| June 28, 2017

Not since my days as a boy scout, during a 60-mile hike, have I experienced anything more intense as our recent meetings on Capitol Hill.

By: Jim J. Adams, Ed.D., LPC President

Promoting religious freedom in American higher education was the focus of my recent meetings on Capitol Hill in Washington, D.C. bringing together the Council for Christian Colleges and Universities (CCCU) and members of congress.

I was privileged to represent Life Pacific College in 19 different meetings over 48 hours to discuss the reauthorization of the Higher Education Act of 1965, commonly known as the HEA.  

Our task was to represent faith-based colleges and universities to members of the Senate and House and to ensure protection of religious liberties – serving students according to our faith-based heritage. We shared with lawmakers our concern about recent attempts by state legislators in California (and elsewhere) to enact legislation in conflict with the HEA, specifically laws that would limit the ability of low-income students in our state from using Cal-Grants to attend faith-based institutions.

Dr. D. Michael Lindsay, president of Gordon College in Wenham, Massachusetts, echoed our concerns, in his case with a regional accrediting agency that threatened their accreditation due to issues related to their faith-based stance. Dr. Lindsay and I respectively argued that the reauthorization language of the HEA can protect free expression of religious liberty for faith-based institutions and that state or local laws and accrediting policies should not conflict with its provisions and protections.

You may recall the specific threat in 2016 to Life Pacific College, and other California faith-based institutions in the form of SB 1146, proposed by a powerful California State Senator. At the time, CCCU President Shirley V. Hoogstra and the staff of the CCCU released a statement saying the bill as originally written, “would have severely affected low-income students who want to attend an academically rigorous religious college or university which have proven records of helping low-income and first-generation students graduate on time. Of those who receive Cal Grants, 75 percent are racial and ethnic minorities.”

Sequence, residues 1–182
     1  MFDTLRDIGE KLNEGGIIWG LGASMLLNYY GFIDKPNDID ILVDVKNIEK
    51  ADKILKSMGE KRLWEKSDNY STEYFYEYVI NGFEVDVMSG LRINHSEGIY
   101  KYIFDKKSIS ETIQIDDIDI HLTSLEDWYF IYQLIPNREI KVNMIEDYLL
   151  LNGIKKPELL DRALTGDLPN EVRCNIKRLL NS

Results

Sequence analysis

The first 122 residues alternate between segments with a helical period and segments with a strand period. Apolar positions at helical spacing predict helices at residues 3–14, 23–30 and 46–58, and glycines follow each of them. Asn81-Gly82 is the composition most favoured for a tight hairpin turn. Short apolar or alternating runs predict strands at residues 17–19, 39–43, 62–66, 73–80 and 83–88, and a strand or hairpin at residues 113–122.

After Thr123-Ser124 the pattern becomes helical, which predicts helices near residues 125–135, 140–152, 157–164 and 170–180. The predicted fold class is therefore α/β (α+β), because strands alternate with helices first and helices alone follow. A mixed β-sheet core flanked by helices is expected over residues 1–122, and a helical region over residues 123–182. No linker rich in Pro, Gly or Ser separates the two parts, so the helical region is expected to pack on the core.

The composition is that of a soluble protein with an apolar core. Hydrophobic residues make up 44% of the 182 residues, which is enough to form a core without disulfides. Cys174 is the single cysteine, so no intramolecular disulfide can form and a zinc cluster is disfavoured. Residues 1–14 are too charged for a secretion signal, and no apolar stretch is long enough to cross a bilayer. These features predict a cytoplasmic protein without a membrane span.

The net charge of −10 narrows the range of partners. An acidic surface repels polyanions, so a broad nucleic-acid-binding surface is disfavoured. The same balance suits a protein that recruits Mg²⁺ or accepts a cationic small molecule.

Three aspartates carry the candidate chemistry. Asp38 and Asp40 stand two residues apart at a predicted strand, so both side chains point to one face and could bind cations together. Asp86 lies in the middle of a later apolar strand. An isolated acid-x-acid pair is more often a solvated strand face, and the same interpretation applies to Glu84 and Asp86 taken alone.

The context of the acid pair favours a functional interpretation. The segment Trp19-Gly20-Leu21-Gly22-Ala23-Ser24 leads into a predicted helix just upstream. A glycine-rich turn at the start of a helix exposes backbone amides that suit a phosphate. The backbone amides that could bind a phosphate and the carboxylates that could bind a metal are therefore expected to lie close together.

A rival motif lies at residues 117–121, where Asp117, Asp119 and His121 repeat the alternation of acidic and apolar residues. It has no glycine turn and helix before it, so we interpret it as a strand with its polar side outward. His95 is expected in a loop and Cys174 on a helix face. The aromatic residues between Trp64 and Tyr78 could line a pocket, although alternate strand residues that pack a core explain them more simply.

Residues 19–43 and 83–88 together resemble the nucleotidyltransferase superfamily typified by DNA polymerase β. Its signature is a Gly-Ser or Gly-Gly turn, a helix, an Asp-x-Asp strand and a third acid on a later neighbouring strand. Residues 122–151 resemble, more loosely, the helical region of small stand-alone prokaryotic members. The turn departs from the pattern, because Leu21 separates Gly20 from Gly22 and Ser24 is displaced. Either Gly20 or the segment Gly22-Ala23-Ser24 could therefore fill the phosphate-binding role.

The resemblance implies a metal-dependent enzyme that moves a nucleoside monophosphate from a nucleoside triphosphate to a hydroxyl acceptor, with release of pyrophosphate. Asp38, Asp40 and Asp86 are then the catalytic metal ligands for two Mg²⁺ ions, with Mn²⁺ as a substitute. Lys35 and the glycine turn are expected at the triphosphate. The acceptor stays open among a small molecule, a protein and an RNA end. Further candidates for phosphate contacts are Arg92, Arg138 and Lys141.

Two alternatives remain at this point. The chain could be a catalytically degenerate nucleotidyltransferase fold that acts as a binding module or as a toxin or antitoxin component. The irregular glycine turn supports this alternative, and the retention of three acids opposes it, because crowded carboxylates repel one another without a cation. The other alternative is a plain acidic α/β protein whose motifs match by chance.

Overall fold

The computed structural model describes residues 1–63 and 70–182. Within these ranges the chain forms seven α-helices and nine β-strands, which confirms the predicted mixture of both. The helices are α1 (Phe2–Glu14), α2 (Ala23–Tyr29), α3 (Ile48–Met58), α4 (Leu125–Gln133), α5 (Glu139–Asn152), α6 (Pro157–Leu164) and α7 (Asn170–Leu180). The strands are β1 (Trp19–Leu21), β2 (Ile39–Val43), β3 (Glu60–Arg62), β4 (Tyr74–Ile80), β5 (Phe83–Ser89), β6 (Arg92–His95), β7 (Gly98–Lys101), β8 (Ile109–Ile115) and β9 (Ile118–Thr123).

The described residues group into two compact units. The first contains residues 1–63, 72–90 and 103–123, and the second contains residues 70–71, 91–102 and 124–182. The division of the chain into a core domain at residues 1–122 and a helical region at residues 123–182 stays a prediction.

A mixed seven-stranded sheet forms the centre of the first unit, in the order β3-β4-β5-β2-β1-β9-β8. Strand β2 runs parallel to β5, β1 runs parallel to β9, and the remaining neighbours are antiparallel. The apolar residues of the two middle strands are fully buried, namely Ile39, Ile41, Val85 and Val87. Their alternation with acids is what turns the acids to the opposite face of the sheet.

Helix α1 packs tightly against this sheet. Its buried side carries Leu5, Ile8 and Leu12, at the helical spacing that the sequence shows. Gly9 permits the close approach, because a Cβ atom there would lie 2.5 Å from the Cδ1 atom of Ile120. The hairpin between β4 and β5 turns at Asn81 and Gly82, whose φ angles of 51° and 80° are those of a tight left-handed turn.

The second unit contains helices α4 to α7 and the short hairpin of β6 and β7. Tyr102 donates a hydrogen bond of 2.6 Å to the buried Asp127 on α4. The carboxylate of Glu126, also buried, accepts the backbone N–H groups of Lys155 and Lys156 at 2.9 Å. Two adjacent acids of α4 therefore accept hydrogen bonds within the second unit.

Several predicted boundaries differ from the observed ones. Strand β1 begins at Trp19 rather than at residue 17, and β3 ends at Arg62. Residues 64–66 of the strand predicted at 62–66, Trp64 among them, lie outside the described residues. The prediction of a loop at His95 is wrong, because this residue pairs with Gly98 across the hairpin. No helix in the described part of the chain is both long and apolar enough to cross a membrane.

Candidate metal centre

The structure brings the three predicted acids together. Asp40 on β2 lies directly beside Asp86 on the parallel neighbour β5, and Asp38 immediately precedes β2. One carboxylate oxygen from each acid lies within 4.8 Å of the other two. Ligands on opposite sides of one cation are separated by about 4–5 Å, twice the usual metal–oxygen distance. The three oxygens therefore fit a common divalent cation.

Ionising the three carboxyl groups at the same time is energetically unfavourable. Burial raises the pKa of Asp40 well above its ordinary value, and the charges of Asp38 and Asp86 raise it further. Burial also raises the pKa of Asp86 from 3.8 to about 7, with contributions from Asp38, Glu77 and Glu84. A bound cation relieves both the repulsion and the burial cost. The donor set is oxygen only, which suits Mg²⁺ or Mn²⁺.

Fortunately, the State Senator pulled from his bill the language that would have negatively affected faith-based institutions, for the present. He has said that he intends to revisit similar legislation in California during the next session.

The challenge to religious freedom for U.S. faith-based colleges and universities still exists.

Addressing the concern of unfair treatment by accrediting agencies, the CCCU wrote in a brief to Congress: “The Higher Education Act requires accreditors to respect the religious mission of institutions. Thus, accreditors should not base decisions about the status of an institution’s accreditation solely on an institutional policy or practice stemming from an institution’s religious beliefs. The CCCU seeks to ensure that the will of Congress is carried out by defining religious mission more clearly.”

Now, as U.S. senators and members of congress consider reauthorization of the HEA, we spoke up for Life Pacific College and Foursquare students who wish to attend other faith-based colleges in the U.S.

During our two-day schedule on Capitol Hill, we traversed countless security checkpoints, traveled in underground tunnels between government buildings, ate with Capitol Hill leaders in basement cafes, and dashed from one legislator’s office to the next, making the most of our time in Washington.

"The only memory in my life that comes close to the intensity of the schedule and the meetings in Washington, D.C. was when I participated as a boy scout in a 60-mile High Sierras hike over a few days. This time, at least we had air conditioning!"

In all, we met with more than a dozen of the top House and Senate leaders on these issues, and had two bigger events – a broad meeting with the Senate Values Action Team (a regular CCCU meeting with key Senators and a coalition of religious groups) and a luncheon with 40 or so key congressional staffers and CCCU regular coalition partners. 

We appreciate the CCCU staff in Washington, D.C. representing the cause of faith-based colleges and universities. I am grateful to senators and members of congress who met with us personally, including, Sen. Ben Sass (Nebraska), Rep. Drew Ferguson (Georgia), Rep. Bradley Byrne (Alabama), Rep. Dr. Virginia Fox (North Carolina) and Chair, Education and the Workforce Committee, Rep. Rick Allen (Georgia), Rep. Francis Rooney (Florida), and Foursquare Church member, Rep. Kevin Cramer (North Dakota). In addition, other lawmakers and staff made time to hear our stories and listen to our concerns.  

Most of all, I am reminded of the great need of prayer for our legislators and government leaders around the country who bear the responsibility before God to uphold the rights of students who choose faith-based institutions for their college education.



By: Jim J. Adams, Ed.D., Life Pacific College President